born rotten played an audio recording Depp on the plane, moaning in pain.

Who cut off Depp’s finger?

Heard’s lawyer also spent time trying to undermine Depp’s claim that the actress cut off the tip of her middle finger with a broken vodka bottle.

Rottenborn suggested that Depp actually hurt himself, building a narrative using text messages, documents and audio recordings.

The jury saw documents in which Depp allegedly told doctors he cut his finger in an accordion door. Depp disputed this, saying someone else on his team may have made the statement.

Rottenborn also presented evidence that Depp told doctors he cut him with a knife.

In a text, Depp wrote: “I cut off my left middle finger to remind myself that I should never cut my finger again. I love you brother.”

Depp previously said he lied about the incident, in an effort to keep Heard’s name out of reports about it.

Rottenborn also released an audio recording of a conversation between Heard and Depp in which he can be heard saying, “The day I cut my finger.”

Later, Rottenborn presented jurors with a video clip showing Depp slamming kitchen cabinets in his home.

When asked to respond to the video on Thursday, Depp said, “Clearly I was having a bad time.”

The jury heard evidence of arguments and questions of violence

WednesdayDepp said: “Violence was unnecessary. Why would you hit someone to agree with you? I don’t think that works.”

Tuesdayhe said, “I myself never reached the point of hitting Mrs. Heard in any way, and I never hit any woman in my life.”

Instead, Depp said, it was Heard who was violent with him. During his testimony on Wednesday, he accused her of throwing two bottles of vodka at him in Australia after she suggested they get a post-nup agreement. The incident severed the tip of one of his fingers and subsequently delayed the filming of the Pirates of the Caribbean film he was working on at the time, Depp said.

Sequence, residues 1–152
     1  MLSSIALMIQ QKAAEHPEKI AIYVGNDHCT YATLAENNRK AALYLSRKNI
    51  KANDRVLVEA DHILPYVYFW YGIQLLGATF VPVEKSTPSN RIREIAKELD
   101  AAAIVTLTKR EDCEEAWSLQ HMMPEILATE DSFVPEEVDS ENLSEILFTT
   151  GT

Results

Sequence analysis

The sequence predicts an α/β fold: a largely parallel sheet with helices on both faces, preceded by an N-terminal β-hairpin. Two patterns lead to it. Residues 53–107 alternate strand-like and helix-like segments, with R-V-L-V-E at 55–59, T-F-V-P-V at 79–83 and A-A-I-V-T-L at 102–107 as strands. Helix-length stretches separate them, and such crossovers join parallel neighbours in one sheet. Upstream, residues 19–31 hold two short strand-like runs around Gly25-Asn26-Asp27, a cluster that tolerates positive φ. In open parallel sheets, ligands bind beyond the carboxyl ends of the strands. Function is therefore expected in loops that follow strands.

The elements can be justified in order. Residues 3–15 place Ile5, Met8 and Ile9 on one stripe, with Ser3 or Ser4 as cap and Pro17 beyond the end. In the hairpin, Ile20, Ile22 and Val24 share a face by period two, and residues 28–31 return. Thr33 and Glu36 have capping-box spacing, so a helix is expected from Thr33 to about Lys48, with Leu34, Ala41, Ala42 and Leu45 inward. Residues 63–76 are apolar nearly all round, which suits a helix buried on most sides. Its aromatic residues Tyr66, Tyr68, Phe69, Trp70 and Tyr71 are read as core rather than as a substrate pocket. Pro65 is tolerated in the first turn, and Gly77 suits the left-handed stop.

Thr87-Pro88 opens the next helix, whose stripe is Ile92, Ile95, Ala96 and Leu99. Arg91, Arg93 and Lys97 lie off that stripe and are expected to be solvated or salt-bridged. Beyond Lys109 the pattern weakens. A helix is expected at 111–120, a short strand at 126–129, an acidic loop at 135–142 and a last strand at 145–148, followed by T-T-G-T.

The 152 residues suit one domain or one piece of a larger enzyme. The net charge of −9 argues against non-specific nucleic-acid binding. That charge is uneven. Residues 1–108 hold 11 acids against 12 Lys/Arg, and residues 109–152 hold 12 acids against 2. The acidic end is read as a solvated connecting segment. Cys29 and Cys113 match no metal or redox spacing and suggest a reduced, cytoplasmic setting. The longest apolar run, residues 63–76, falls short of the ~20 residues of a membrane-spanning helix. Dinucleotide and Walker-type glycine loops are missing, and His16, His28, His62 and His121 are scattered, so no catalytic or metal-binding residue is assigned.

The court also heard recordings of the couple arguing.

“I’m sorry that I didn’t hit you in the face with a good slap, but I was hitting you,” was heard in another incident. “I wasn’t hitting you. Baby, you’re not hitting.”

Heard’s domestic violence essay sparked lawsuit

In December 2018, Heard wrote an editorial in the Washington Post expressing support for the Violence Against Women Act. In it, she drew on her own experiences as a survivor of sexual assault and domestic violence.

The essay did not directly refer to Depp by name, but his 2019 court complaint states, “The editorial was clearly about Ms Heard’s alleged victimization after she publicly accused her former husband, Johnny Depp, of domestic abuse in 2016, when she appeared in court with an apparently battered face and obtained a temporary restraining order against Mr. Depp.”

Depp is suing Heard on three counts of defamation, citing his op-ed published on The Washington Post website and in its print journal, as well as Heard posting a link to the article via its Twitter account.

Depp is seeking at least $50 million in compensatory damages and punitive damages of at least $350,000, as well as attorneys’ fees and court costs.

The jury will also consider Heard’s countersuit against Depp, which seeks $100 million in damages and alleges that her legal team falsely accused her of fabricating claims against Depp.